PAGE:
By comparison, Mount Everest rises from the Tibetan Plateau at a much higher base elevation. Base elevations for Everest range from 13,800 ft on the south side to 17,100 ft on the Tibetan Plateau, for a base-to-peak height in the range of 12,000 to 15,300 ft. Denali's base-to-peak height is little more than half the 33,500 ft of the volcano Mauna Kea, which lies under water. Denali has two significant summits: the South Summit is the higher one, while the North Summit has an elevation of 19,470 ft and a prominence of 1,270 ft; the North Summit is sometimes counted as sometimes not. Five large glaciers flow off the slopes of the mountain; the Peters Glacier lies on the northwest side of the massif, while the Muldrow Glacier falls from its northeast slopes. Just to the east of the Muldrow, abutting the eastern side of the massif, is the Traleika Glacier; the Ruth Glacier lies to the southeast of the mountain, the Kahiltna Glacier leads up to the southwest side of the mountain. With a length of 44 mi, the Kahiltna Glacier is the longest glacier in the Alaska Range.
The Koyukon Athabaskans who inhabit the area around the mountain have for centuries referred to the peak as Dinale or Denali. The name is based on a Koyukon word for "high" or "tall". During the Russian ownership of Alaska, the common name for the mountain was Bolshaya Gora, the Russian translation of Denali, it was called Densmore's Mountain in the late 1880s and early 1890s after Frank Densmore, an Alaskan prospector, the first European to reach the base of the mountain. In 1896, a gold prospector named it McKinley as political support for then-presidential candidate William McKinley, who became president the following year; the United States formally recognized the name Mount McKinley after President Wilson signed the Mount McKinley National Park Act of February 26, 1917. In 1965, Lyndon B. Johnson declared the north and south peaks of the mountain the "Churchill Peaks", in honor of British statesman Winston Churchill; the Alaska Board of Geographic Names changed the name of the mountain to Denali in 1975, how it is called locally.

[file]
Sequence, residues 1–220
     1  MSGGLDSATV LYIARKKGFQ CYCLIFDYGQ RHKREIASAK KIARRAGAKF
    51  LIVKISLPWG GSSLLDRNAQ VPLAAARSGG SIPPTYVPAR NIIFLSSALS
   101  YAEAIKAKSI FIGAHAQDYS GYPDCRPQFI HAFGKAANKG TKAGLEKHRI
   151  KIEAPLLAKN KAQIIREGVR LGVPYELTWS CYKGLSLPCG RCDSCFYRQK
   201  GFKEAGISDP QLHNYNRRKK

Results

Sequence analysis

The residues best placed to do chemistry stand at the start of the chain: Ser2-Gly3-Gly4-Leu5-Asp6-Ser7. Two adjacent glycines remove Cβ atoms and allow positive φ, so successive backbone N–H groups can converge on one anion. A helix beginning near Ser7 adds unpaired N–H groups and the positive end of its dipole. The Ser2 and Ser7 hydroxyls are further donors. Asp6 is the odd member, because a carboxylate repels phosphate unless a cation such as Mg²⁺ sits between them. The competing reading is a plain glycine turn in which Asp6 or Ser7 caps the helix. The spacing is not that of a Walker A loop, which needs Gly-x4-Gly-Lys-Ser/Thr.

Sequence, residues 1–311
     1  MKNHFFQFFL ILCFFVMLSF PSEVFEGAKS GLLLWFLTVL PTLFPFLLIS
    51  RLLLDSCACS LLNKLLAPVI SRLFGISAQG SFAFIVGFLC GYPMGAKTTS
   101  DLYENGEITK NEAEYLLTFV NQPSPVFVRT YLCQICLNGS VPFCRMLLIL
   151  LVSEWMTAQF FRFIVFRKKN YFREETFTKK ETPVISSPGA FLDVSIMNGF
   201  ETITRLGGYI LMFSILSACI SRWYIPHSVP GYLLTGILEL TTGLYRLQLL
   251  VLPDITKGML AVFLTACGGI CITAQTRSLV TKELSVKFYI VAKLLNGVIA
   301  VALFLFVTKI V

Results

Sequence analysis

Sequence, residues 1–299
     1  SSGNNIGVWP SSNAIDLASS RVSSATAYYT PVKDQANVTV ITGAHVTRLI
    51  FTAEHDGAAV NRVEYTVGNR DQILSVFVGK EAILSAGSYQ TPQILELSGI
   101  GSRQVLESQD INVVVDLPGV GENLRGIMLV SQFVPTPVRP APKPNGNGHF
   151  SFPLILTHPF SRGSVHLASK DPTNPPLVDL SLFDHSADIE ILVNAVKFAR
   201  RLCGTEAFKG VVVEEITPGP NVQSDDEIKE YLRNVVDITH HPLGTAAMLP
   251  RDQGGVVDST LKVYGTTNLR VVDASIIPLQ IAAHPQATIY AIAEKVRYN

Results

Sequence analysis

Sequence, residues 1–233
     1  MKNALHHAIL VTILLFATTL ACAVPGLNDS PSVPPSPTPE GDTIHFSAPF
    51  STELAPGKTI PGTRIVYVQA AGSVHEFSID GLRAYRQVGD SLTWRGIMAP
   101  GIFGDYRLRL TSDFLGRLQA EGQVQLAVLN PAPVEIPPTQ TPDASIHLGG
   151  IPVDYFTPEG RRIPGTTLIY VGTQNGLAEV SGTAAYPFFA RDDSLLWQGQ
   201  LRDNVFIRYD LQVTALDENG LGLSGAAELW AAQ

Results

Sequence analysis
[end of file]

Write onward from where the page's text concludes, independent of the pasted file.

However, a request in 1975 from the Alaska state legislature to the United States Board on Geographic Names to do the same at the federal level was blocked by Ohio congressman Ralph Regula, whose district included McKinley's hometown of Canton. On August 30, 2015, just ahead of a presidential visit to Alaska, the Barack Obama administration announced the name Denali would be restored in line with the Alaska Geographic Board's designation. U. S. Secretary of the Interior Sally Jewell issued the order changing the name to Denali on August 28, 2015, effective immediately. Jewell said the change had been "a long time coming"; the renaming of the mountain received praise from Alaska's senior U. S. senator, Lisa Murkowski, who had introduced legislation to accomplish the name change, but it drew criticism from several politicians from Pres